Proteomic analysis of Src family kinase phosphorylation states in cancer cells suggests deregulation of the unique domain

Ana Ruiz-Saenz, Farima Zahedi, Elliott Peterson, Ashley Yoo, Courtney A. Dreyer, Danislav S. Spassov, Juan Oses-Prieto, Alma Burlingame, Mark M. Moasser*

*Corresponding author for this work

Research output: Contribution to journalArticleAcademicpeer-review

2 Citations (Scopus)

Abstract

The Src family kinases (SFK) are homologs of retroviral oncogenes, earning them the label of proto-oncogenes. Their functions are influenced by positive and negative regulatory tyrosine phosphorylation events and inhibitory and activating intramolecular and extramolecular interactions. This regulation is disrupted in their viral oncogene counterparts. However, in contrast to most other proto-oncogenes, the genetic alteration of these genes does not seem to occur in human tumors and how and whether their functions are altered in human cancers remain to be determined. To look for proteomic-level alterations, we took a more granular look at the activation states of SFKs based on their two known regulatory tyrosine phosphorylations, but found no significant differences in their activity states when comparing immortalized epithelial cells with cancer cells. SFKs are known to have other less well-studied phosphorylations, particularly within their unstructured N-terminal unique domains (UD), although their role in cancers has not been explored. In comparing panels of epithelial cells with cancer cells, we found a decrease in S17 phosphorylation in the UD of Src in cancer cells. Dephosphorylated S17 favors the dimerization of Src that is mediated through the UD and suggests increased Src dimerization in cancers. These data highlight the important role of the UD of Src and suggest that a deeper understanding of proteomic-level alterations of the unstructured UD of SFKs may provide considerable insights into how SFKs are deregulated in cancers. Implications: This work highlights the role of the N-terminal UD of Src kinases in regulating their signaling functions and possibly in their deregulation in human cancers.

Original languageEnglish
Pages (from-to)957-967
Number of pages11
JournalMolecular Cancer Research
Volume19
Issue number6
DOIs
Publication statusPublished - Jun 2021

Bibliographical note

Funding Information:
We thank Nathaniel Gulizia, Courtney A. Dreyer, and Jennifer Merino for technical assistance. We acknowledge the use of the UCSF core facilities including the Cancer Center Laboratory for Cell Analysis core and the UCSF Biomedical Mass Spectrometry and Proteomics Resource Center. UCSF Mass Spectrometry Facility (A. Burlingame, director) was supported by the Dr. Miriam and Sheldon G. Adelson Medical Research Foundation and NIH P41GM103481 and 1S10OD016229. A. Ruiz-Saenz was supported by a grant for postgraduate studies in Life and Matter Sciences of the Fundacion Ramon Areces. D.S. Spassov is currently receiving funding by the European Union?s Horizon 2020 Research and Innovation Programme under the Marie Sklodowska-Curie grant agreement no. 882247.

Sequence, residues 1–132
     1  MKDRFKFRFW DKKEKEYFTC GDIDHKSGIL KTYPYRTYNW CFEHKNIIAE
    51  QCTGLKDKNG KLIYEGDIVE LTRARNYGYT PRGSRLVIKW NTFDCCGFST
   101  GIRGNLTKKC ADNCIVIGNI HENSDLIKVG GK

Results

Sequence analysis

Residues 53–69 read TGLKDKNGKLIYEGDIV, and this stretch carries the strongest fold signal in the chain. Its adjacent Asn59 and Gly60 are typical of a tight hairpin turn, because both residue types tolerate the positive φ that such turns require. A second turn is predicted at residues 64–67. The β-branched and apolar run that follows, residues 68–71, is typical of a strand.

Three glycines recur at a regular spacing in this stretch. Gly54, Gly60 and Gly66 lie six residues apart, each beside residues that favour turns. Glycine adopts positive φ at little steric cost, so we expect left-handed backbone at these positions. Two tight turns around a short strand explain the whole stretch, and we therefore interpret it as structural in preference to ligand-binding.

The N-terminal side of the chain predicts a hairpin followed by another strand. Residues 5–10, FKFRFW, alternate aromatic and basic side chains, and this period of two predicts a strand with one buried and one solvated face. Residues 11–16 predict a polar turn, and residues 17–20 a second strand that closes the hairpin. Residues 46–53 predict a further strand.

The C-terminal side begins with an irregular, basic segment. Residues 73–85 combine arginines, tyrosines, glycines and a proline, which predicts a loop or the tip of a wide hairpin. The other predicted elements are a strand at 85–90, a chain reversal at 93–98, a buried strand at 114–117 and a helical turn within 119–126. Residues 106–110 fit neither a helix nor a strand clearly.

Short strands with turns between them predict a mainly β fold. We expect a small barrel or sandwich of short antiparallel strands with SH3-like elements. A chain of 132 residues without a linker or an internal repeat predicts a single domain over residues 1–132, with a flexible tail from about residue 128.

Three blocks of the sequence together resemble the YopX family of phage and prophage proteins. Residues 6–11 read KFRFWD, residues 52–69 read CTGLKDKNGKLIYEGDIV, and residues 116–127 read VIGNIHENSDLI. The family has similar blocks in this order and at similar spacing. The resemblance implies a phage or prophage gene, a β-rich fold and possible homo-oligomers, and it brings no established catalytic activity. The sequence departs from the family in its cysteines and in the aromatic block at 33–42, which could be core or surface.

Funding Information:
A. Burlingame reports grants from Adelson Medical Research Foundation during the conduct of the study. No disclosures were reported by the other authors.

Funding Information:
We thank Nathaniel Gulizia, Courtney A. Dreyer, and Jennifer Merino for technical assistance. We acknowledge the use of the UCSF core facilities including the Cancer Center Laboratory for Cell Analysis core and the UCSF Biomedical Mass Spectrometry and Proteomics Resource Center. UCSF Mass Spectrometry Facility (A. Burlingame, director) was supported by the Dr. Miriam and Sheldon G. Adelson Medical Research Foundation and NIH P41GM103481 and 1S10OD016229. A. Ruiz-Saenz was supported by a grant for postgraduate studies in Life and Matter Sciences of the Fundación Ramón Areces. D.S. Spassov is currently receiving funding by the European Union’s Horizon 2020 Research and Innovation Programme under the Marie Sklodowska-Curie grant agreement no. 882247.

Publisher Copyright:
2021 American Association for Cancer Research.

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